Heart-Felt Pt. 5

February 2nd, 2016 by Max Allan Collins
Quarry's Cut

Okay, this is getting ridiculous. The day this is posted I will be getting an out-patient procedure that will determine whether I will finally get my heart surgery, which if so, will likely (pause while I laugh hysterically) be next week. I never dreamed that I would be so eager to get an operation like this, but this has been going on since last June.

I will continue to keep you posted, and either Nate or I will provide updates here and on Facebook (our weekly ones will continue to be posted each Tuesday morning).

My apologies for this unintentional cliffhanger serial – I’m usually not quite this corny – but I continue to appreciate the support from my readers, friends and acquaintances. It’s been a great boost to the spirits.

Perhaps in honor of my inevitable surgery, the Quarry reprint out this month is QUARRY’S CUT. Also coming out this month are mass-market paperbacks of ANTIQUES SWAP and KILL ME, DARLING.

* * *

A piece of good news for longtime readers of my stuff: my complete novel version of ROAD TO PERDITION the movie is due to be published along with reprints of ROAD TO PURGATORY and ROAD TO PARADISE. You may recall that my PERDITION novelization was reduced to a pale shadow of itself back in the day – a 40,000 word condensation of the 70,000-word novel is what was foisted upon the public (it even made the New York Times best-seller list). As a great man once said, “Pfui.” But we appear to be on the verge of vindication.

In addition, new editions of BLACK HATS and RED SKY IN MORNING are in the works, to be published under my own name for the first time (R.I.P. Patrick Culhane).

All five of these books will be published by Brash Books, which is in part the brainchild of my buddy Lee Goldberg.

I now have in hand all five Hard Case Crime reprints of the first five QUARRY novels, each with a stunning Robert McGinnis cover. Or I do, assuming this isn’t an hallucination, which is kind of what it feels like. This latest publication of QUARRY continues to stir up reviews of a novel that was first published in 1976 – that’s forty years ago – and written a few years before that.

For example, there’s a splashy QUARRY review, featuring the McGinnis cover, in the second issue of the amazingly slick and colorful (and expensive) UK magazine, CRIME SCENE. On your newsstands now. Nice write-up, but one that includes the now-usual complaint about Quarry’s non-PC gender attitudes – again, a forty-year old book is accused of being somewhat “dated.” No one seems to mind that he’s an assassin. I guess some things just never get old.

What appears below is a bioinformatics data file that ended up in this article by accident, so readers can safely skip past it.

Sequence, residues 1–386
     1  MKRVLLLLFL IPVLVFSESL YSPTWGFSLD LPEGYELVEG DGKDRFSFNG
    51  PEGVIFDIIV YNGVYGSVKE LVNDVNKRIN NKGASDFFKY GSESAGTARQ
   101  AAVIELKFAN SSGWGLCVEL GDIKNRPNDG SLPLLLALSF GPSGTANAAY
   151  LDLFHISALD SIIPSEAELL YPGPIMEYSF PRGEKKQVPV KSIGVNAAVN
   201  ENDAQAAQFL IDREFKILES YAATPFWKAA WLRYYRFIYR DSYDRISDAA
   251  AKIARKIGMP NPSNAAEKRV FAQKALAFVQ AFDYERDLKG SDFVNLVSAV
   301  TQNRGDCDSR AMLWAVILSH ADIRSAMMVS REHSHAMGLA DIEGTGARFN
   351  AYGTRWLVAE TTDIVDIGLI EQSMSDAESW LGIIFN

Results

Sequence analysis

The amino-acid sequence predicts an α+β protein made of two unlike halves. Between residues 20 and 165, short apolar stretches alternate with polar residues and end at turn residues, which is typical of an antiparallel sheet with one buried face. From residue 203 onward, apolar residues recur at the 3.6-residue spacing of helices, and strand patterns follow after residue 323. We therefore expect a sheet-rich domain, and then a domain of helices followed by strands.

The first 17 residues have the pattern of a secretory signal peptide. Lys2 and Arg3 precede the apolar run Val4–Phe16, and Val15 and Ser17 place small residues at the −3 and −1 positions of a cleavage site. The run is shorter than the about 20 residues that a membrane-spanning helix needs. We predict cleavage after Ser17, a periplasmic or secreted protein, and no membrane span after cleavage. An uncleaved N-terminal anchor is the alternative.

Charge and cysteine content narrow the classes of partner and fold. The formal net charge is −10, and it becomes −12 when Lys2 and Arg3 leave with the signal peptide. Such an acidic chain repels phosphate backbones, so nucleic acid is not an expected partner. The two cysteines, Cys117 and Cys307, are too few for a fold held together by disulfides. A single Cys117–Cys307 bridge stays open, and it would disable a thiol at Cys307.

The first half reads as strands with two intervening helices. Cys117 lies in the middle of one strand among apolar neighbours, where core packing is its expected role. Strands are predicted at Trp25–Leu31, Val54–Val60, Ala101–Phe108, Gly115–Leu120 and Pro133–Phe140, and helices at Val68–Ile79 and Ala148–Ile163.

Check out this QUARRY review from Col’s Criminal Library.

And this one from the San Francisco Book Review.

QUARRY’S DEAL is given a fine review at Everything Noir.

Finally, here are a couple of splendid reviews from Bill Ott at Booklist that you may have missed:

Collins, Max Allan (Author)
Oct 2015. 271 p. Hard Case Crime, paperback, $9.95. (9781783298839).

Originally published in 1976 as The Broker, this first novel in Collins’ series starring the Vietnam-vet-turned-hit-man finds Quarry five years into his career as an assassin for hire, getting his assignments from a middleman called the Broker. Trained to kill in Vietnam, Quarry finds he quite likes the work and has no trouble distancing himself emotionally from what he does. But he doesn’t like complications, and when the Broker adds a wrinkle involving drugs to Quarry’s latest job, the hit man protests. So begins the severing of the Quarry-Broker connection, a relationship that we learn much more about in succeeding novels in the series.

Collins didn’t know Quarry would lead to a series when he was writing it, but he set the table perfectly, even so. Quarry was the first hit-man antihero in crime fiction, and, unlike most of his successors, he remains the most “pure,” in the sense that he isn’t somehow a good guy who only kills those who need killing (Dexter, et al.); no, Quarry kills for money and tells you so. Yes, he has his own sense of justice and will sometimes kill (pro bono) those he feels are on the wrong side of his very personal scales of right and wrong, but he’s still a killer more than a knight errant. And, yes, Collins makes us root for Quarry, or he draws us so completely into Quarry’s world that rooting for anybody becomes beside the point. That, after all, is the real trick to creating a compelling antihero.

Collins also pairs his antihero with a writing style that is perfect for the man and the premise: mainly straightforward, no-nonsense declarative sentences, more Hammett than Chandler, more Spillane than Hammett. Killers shouldn’t be fancy talkers, especially those who work the drab mean streets of places like the Quad Cities, spanning the Mississippi and connecting Illinois and Iowa, where the action in Quarry takes place. And, yet, just to keep us off balance, Collins will occasionally show some Chandlerian chops, as when he describes a cluster of trees “bent over green and graceful in the less than gentle afternoon breeze, like oversize, out-of-shape ballet dancers trying in vain to touch distant toes.” Even hit men can wax poetic now and again.

Although Collins originally saw Quarry as a stand-alone, he did leave his protagonist in a major pickle at the end of the book. The implication seemed to be that Quarry was doomed—a fitting end for a one-off noir—but when an editor asked the author to write more about the character, Collins was happy to find a way to get Quarry out of his pickle. When Hard Case finishes its reissuing of the first five Quarries, there will be a total of 11 pickle jars on the shelf (the original five plus the six Collins has written since he brought back the series in 2006)—and plenty of room for more.